Built in redundancy and all, you know.

So much for that.

We are looking @ alternate hosts and do hope to be back up very soon. Our sincere apologies for the inconvenience.

Why I Love Facebook

kinnon —  February 28, 2009 — 3 Comments

Or not.

I don’t do FB much right now. Not enough hours in the day or desire to further the data riches of Zuckerman et al. But the above truly cracked me up. I’m sure most of the diggerati have already seen it, though. Forgive me for wasting your time. (How arrogant of me to assume any diggerati actually stop by here, eh!)

The Power of Twitter

kinnon —  February 17, 2009 — 11 Comments

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I’ve been on Twitter for a while now. I think it was Darryl Dash who called it the “new front porch” based on a conversation he’d had with Jordon Cooper. It’s a great analogy.

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I picture myself walking down the street past my friend Ed’s house. Ed calls out to me and I ask him what’s been happening in his life. He tells me briefly about his travels and how it’s good to be home. I share a little of my own story and then continue my walk. A few hours later Ed wanders by my place while I’m out on the porch and says, “Hey, did you hear about…” and begins to tell me about something he found interesting. I tell him that I’ll check it out. And off he goes.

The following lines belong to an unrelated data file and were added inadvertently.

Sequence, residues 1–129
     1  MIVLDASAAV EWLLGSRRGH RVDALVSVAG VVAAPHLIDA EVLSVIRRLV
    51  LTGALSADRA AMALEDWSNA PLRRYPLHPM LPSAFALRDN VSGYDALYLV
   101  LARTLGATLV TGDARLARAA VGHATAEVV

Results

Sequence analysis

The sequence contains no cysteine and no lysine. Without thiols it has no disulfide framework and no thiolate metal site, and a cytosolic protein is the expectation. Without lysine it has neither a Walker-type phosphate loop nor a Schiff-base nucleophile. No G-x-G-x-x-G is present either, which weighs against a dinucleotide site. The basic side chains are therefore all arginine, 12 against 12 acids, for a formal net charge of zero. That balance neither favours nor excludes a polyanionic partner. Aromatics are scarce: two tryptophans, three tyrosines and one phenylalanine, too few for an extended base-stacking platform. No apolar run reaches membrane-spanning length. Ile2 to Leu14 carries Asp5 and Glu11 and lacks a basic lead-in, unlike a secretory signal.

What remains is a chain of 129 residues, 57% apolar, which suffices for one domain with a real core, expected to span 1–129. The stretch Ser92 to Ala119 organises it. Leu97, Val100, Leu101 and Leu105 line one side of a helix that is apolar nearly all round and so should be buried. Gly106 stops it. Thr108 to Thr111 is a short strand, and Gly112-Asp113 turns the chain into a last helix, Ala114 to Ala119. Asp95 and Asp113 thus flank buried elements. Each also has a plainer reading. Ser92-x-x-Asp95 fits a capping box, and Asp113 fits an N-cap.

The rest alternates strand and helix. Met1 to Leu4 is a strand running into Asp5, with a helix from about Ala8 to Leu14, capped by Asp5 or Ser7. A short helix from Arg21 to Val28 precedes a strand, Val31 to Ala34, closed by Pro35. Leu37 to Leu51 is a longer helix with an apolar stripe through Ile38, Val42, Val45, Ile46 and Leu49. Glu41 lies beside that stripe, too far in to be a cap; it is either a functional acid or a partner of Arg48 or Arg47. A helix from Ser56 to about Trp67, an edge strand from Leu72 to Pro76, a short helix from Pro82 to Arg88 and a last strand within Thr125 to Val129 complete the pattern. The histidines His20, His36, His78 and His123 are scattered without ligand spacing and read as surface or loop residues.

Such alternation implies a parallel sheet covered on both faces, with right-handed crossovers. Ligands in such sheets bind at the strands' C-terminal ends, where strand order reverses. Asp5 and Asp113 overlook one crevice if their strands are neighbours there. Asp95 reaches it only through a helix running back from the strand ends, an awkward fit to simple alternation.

Ed is a neighbourhood friend who keeps me in touch with what he’s up to, his travels, how he’s coping as a husband and father and the cool things he’s come across. I try to do some of the same with him.

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But let’s say I walk by Fred’s house. Fred’s says, “Hey, Bill did you see my book? Dya’ wanna buy my book? Ernie just reviewed my book. Me. Me. Me. Me.”

Ever freakin’ time I go by. It’s about nothing but Fred. I’d quickly find the best ways to avoid Fred.

In January, Doc Searls wrote an important post on signal vs noise regarding Dave Winer’s new approach to Twitter. In Screw Popularity. Just Make Yourself Useful, he says this,